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Maine Supreme Court Upholds GOP Candidate’s Disqualification For Invalid Signatures

The Maine Supreme Judicial Court has reaffirmed a lower court’s decision that invalidated the candidacy of Republican U.S. Senate hopeful Max Linn.

Linn, a financial planner who lives in Bar Harbor, had appealed a ruling by Kennebec Superior Court Judge William Stokes, who found that the secretary of state acted appropriately when he invalidated a number of signature petitions submitted by Linn’s campaign.

The secretary of state’s review left Linn 10 signatures short of the 2,000 he needed to qualify for the ballot. The review was triggered by an appeal by Linn’s would-be primary opponent, state Sen. Eric Brakey of Auburn, who submitted evidence of widespread irregularities, including the signatures of deceased voters.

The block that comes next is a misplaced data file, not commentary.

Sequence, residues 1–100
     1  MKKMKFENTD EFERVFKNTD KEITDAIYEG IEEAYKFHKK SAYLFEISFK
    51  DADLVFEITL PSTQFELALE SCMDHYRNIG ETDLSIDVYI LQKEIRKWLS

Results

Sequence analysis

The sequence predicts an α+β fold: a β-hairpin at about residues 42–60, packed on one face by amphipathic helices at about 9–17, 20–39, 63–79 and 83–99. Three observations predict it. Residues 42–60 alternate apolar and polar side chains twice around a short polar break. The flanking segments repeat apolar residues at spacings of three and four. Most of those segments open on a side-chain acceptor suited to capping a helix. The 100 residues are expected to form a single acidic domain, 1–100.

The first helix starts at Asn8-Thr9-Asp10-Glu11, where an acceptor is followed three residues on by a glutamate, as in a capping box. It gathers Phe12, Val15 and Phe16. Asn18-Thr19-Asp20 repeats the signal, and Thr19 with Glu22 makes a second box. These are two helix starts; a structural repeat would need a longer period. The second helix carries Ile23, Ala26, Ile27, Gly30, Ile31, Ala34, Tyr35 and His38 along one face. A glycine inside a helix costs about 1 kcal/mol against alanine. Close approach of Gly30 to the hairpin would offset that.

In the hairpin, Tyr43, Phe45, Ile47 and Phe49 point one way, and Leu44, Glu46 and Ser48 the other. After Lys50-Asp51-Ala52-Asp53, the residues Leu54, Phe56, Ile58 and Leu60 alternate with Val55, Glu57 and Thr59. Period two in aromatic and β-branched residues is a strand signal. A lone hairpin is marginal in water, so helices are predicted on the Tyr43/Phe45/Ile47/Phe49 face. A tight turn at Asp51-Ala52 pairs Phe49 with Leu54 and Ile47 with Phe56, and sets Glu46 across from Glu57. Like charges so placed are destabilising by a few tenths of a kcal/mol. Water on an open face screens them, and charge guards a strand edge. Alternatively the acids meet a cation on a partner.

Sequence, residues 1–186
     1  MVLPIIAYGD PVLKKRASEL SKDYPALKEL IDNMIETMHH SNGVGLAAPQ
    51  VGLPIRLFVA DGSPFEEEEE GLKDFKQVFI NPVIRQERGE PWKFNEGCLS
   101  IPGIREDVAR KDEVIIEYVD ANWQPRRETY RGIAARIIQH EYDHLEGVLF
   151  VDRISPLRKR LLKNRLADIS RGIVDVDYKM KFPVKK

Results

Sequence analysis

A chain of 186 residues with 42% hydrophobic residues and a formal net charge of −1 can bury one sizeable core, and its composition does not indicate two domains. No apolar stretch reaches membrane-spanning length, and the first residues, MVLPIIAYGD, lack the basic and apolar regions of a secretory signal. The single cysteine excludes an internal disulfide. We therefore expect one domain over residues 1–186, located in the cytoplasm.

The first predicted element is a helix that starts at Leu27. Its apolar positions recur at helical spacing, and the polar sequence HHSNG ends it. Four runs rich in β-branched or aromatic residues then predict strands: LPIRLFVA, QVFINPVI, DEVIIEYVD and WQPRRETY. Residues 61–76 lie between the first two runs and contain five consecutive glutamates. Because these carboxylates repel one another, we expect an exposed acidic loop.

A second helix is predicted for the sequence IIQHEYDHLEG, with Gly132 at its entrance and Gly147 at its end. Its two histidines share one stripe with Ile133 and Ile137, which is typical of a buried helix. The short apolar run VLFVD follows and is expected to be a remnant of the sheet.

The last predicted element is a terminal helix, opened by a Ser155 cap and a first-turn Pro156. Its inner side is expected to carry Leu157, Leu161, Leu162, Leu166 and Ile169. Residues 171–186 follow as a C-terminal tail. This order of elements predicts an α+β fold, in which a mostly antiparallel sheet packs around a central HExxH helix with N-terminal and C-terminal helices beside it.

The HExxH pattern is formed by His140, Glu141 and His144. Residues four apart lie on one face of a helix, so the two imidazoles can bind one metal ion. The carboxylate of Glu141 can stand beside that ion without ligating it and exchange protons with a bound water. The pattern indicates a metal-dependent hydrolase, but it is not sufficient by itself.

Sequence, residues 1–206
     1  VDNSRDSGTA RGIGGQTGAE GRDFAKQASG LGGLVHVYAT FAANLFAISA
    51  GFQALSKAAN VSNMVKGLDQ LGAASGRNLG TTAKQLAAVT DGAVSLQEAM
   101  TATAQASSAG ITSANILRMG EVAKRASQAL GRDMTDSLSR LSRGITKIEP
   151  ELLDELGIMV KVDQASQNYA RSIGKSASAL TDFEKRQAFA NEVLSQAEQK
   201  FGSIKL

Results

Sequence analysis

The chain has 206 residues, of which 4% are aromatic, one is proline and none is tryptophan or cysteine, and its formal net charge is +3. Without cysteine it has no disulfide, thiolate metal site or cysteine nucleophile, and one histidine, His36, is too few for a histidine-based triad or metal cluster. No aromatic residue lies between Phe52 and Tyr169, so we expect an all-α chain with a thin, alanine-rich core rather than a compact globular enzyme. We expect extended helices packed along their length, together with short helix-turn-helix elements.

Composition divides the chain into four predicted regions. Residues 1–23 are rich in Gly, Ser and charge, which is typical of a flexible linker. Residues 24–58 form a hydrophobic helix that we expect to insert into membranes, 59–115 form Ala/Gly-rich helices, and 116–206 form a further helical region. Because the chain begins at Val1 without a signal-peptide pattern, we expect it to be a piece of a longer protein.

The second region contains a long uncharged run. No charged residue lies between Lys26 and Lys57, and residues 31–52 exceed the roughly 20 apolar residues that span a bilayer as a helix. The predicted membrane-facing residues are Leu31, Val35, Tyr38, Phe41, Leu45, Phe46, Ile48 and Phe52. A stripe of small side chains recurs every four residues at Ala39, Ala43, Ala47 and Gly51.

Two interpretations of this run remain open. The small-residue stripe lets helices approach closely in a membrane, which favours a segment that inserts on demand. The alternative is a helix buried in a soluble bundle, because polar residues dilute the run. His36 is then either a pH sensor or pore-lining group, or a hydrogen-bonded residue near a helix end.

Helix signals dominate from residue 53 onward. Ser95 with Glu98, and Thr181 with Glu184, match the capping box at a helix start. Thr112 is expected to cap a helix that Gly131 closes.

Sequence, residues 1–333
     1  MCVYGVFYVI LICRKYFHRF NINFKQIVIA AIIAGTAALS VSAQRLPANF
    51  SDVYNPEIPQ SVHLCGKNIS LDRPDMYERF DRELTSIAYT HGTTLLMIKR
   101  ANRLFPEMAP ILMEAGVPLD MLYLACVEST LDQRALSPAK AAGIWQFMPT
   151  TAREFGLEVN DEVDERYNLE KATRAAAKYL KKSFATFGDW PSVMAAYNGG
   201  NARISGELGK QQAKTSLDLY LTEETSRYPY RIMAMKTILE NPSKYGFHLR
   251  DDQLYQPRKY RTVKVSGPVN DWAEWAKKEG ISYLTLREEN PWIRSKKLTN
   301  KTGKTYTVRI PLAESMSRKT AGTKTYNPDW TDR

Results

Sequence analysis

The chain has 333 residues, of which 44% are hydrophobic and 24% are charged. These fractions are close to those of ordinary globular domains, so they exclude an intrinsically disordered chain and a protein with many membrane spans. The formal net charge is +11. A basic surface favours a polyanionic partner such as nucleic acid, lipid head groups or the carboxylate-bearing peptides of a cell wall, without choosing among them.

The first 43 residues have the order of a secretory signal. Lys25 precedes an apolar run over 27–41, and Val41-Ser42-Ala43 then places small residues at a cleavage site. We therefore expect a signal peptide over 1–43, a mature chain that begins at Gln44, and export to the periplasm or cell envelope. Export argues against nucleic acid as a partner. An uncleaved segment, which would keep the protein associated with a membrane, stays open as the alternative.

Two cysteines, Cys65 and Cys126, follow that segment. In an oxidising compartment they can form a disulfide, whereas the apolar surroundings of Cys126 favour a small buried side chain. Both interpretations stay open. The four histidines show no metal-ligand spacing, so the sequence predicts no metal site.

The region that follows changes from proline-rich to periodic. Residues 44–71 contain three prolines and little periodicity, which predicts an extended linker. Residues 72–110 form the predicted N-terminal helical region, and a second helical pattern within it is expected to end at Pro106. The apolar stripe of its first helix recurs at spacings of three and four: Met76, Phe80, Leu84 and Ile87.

Ultimately, the secretary of state invalidated 258 of Linn’s original total of 2,248 signatures.

Secretary of State Matt Dunlap said in a statement that it’s too late to scrub Linn’s name from the ballot, but that voters will be notified that he’s no longer a valid candidate at polling places.

Linn has not indicated whether he’ll appeal Tuesday’s ruling in federal court.

This story was originally published May 8, 2018 at 4:21 p.m. ET.